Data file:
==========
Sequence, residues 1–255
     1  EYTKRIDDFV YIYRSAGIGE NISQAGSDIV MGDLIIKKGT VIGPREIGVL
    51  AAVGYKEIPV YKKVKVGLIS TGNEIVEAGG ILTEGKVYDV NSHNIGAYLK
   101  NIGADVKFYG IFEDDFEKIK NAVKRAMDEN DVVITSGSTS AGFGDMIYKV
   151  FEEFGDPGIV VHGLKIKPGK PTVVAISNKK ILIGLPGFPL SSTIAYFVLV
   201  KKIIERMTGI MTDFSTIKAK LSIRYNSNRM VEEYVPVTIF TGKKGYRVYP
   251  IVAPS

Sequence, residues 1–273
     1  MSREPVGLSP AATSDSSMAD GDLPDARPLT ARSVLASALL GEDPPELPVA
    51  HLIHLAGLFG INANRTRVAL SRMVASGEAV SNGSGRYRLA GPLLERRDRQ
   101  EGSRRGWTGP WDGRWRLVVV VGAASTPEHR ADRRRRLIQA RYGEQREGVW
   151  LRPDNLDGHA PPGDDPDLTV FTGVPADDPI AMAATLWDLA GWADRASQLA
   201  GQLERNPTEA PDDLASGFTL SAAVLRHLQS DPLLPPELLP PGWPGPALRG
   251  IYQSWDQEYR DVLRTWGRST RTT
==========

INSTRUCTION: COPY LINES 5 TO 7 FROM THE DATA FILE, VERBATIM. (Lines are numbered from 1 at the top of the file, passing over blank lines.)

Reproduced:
   151  FEEFGDPGIV VHGLKIKPGK PTVVAISNKK ILIGLPGFPL SSTIAYFVLV
   201  KKIIERMTGI MTDFSTIKAK LSIRYNSNRM VEEYVPVTIF TGKKGYRVYP
   251  IVAPS